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Plantain Chips

Often interchanged with bananas, plantains are usually larger and tougher than bananas.  They are not as sweet, starchy and tough. It is called the “cooking banana” and is not recommended to be eaten raw. Meanwhile, bananas can be eaten raw or cooked, and it gets sweeter, darker, and softer as it ripens over time.

Plantain chips are made from green-yellow plantains that are thinly-sliced and deep-fried until golden and crispy. Like the fruit from where it was made, it is also often interchanged with banana chips or banana crisps. Plantain chips are a popular Latin American and African treat, but there are also other variations of this in other countries, especially in Southeast Asia where the plantains originated.

Plantain Chip Trivia

  • Plantain is said to be as versatile as potato. It is said to have a similar neutral flavor and texture of potatoes and can also be considered as a starchy substitute. It can be incorporated in stews, or can even be grilled, steamed, or boiled.
  • Plantains or bananas are actually considered as an herb and not as a tree as it does not have a wooden trunk or stems.
  • Plantains are a good source of potassium, magnesium, vitamin C, fiber, and antioxidant compounds.

Plantain Chip Buying Guide

Plantain chips are widely available with supermarkets and gourmet stores carrying different brands. It is also served in some Latin American restaurants or food stalls as this is one of their prevalent snack fares.

Plantain Chip Production & Farming in Texas

Aside from numerous Latin American restaurants who have this in their menu, some local producers do their homemade version of plantain chips, to be sold in farmers markets.

Preservatives, Additives, Chemicals

Most of the plantain chips are made as a healthy snack alternative, which is why many of the brands market their products to not be containing any preservatives. The ingredients list is also very simple, just containing the plantain, the oil they used to fry or cook the plantain and salt. However, some brands add some additives to their flavored plantain products.

  • Maltodextrin – a polysaccharide that is commonly added to packaged foods to improve its flavor, thickness, and shelf life. This white powdery substance is derived from corn, rice, potato starch, or wheat, however, it is highly processed, using acids or enzymes. Maltodextrin is considered by the US FDA to be a safe food additive and is counted in the total carbohydrate count in the food’s nutritional value. There are warnings that the maltodextrin may have a high glycemic index and might pose an issue for those with diabetes. But this substance is usually present in small amounts in food and therefore won’t have that much significant effect if taken moderately.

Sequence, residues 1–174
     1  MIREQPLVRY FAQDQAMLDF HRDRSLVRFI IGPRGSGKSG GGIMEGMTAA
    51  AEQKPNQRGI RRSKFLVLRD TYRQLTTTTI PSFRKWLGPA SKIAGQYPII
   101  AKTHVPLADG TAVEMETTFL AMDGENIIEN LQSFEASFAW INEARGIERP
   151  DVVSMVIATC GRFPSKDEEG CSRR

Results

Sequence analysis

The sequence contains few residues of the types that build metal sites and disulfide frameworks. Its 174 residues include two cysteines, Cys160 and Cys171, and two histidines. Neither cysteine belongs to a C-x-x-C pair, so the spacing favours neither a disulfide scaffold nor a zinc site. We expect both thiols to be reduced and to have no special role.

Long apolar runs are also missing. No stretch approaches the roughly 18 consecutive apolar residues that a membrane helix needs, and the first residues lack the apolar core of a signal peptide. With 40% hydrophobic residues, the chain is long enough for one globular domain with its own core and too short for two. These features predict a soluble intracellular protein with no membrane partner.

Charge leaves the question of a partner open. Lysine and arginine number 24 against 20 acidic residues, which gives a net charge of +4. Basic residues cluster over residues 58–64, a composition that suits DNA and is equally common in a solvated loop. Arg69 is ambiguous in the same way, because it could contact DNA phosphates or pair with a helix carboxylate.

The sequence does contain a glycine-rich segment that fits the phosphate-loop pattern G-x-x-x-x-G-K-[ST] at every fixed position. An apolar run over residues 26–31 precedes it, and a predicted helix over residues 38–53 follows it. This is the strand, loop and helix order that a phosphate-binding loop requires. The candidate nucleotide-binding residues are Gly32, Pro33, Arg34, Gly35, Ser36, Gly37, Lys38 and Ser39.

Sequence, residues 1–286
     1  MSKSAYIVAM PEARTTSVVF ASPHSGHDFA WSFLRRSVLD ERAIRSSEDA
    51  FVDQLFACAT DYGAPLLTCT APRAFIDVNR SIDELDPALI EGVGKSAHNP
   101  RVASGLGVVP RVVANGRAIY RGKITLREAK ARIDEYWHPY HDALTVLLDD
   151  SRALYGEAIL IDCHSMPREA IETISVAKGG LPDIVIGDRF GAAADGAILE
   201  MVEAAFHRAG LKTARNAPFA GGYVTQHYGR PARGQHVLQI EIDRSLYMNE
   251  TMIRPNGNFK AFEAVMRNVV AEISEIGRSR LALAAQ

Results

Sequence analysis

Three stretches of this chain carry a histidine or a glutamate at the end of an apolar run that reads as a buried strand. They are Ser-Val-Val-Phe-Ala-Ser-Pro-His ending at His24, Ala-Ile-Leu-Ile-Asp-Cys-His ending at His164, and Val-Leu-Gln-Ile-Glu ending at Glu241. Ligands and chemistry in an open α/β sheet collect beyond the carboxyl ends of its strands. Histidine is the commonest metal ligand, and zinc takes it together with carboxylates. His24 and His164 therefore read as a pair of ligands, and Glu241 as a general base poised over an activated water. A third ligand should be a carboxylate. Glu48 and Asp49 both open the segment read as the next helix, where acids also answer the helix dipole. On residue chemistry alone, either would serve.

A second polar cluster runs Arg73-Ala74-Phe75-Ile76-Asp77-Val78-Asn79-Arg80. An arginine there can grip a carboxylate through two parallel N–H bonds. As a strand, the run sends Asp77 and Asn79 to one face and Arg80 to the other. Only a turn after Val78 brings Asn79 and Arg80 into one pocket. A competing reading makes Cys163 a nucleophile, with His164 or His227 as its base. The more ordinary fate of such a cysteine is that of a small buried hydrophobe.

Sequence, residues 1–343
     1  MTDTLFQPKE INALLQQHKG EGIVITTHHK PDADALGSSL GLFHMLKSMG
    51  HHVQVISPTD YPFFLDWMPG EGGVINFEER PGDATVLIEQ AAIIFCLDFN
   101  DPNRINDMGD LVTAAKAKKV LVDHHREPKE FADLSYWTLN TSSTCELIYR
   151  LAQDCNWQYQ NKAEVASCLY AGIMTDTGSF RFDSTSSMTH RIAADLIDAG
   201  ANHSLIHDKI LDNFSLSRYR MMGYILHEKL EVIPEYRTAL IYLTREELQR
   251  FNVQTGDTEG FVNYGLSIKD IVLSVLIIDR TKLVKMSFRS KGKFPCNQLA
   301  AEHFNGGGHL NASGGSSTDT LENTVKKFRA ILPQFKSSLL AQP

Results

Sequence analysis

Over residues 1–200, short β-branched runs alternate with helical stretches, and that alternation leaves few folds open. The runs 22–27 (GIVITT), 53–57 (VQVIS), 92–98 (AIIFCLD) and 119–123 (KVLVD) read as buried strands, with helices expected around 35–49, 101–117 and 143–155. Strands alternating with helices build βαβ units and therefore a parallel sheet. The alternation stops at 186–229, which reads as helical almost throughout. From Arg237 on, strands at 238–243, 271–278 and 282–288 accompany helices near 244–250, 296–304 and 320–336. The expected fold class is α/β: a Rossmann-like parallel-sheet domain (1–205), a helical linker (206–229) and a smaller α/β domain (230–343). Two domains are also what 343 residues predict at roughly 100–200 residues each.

• Citric acid – This is commonly found in citrus fruits such as lemons, limes, oranges, and the likes. However, there is also a manufactured form that is used as a food additive and can also be found in cleaning agents and nutritional supplements. This manufactured citric acid is used to preserve the ingredients, to boost acidity in its contents, and to enhance the flavor. This is Generally Recognized As Safe (GRAS) by the FDA.
  • Silicon Dioxide – Also called silica, this can be found naturally in some plants like leafy green vegetables, bell peppers, oats, alfalfa, beets, and brown rice. But this can also be used as a food additive to prevent powdered ingredients from clumping. This is recognized by the US FDA as a safe food additive, along with the regulation that it should not exceed two percent of the food’s total weight.


Plantain chips are usually sold in sealed polyethylene or polypropylene plastic pouches to keep them airtight and moisture-free, therefore maintaining the quality, freshness, and crispness of the chips.

Enjoying Plantain Chips

Plantain chips are generally enjoyed after they are deep-fried, but some choose to buy or consume a baked or an oil-free variation as a healthier substitute.

Others also upgrade their plantain chips eating experience by using savory dips. To further maintain their healthy diet, they use and monitor the ingredients of their dips by using vegan dips or fruit-based ones.


To ensure the crispness of plantain chips over time and to keep it from getting stale, it should be stored in an airtight and moisture-proof container. The shelf life of these chips is said to be reduced when exposed to air and light. Some plantain chips brands have expiration dates of up to 6 months after the purchase. Others suggest putting it on the fridge or freezer, but it is still a debate with the consumers if it remains to be crisp after being frozen.


It is very simple to make your homemade version of plantain chips, using only 3 ingredients!


  • Large green plantains
  • Canola oil
  • Salt (to taste)


  1. Peel plantains and slice thinly.
  2. Heat about 1 ½ to 2 inches of oil in a large pan or cast-iron skillet.
  3. Fry the plantain slices in several batches until browned or golden.
  4. Drain in paper towels and cool completely.



  • Serving Size: 1 Serving
  • Calories: 559 28%
  • Carbs: 57.3g 19%
  • Sugar: 0.3g
  • Fiber: 4.2g 17%
  • Protein: 1.7g 3%
  • Fat: 35.9g 55%
  • Saturated Fat: 9.4g 47%
  • Trans Fat 0g 0%
  • Cholesterol 0mg 0%
  • Sodium 390mg 16%
  • Vitamin C 13.5mg 23%
  • Vitamin A 90IU 10%
  • Calcium 6mg 1%
  • Iron 0.8mg 4%
  • Potassium 700mg 20%
  • Vitamin B6 0.5mg 23%
  • Folate 35mcg 9%
  • Magnesium 59mg 15%
  • Phosphorus 63mg 6%
  • Manganese 0.3mg 15%
  • Copper 0mg 1%
  • Zinc 0.3mg 2%

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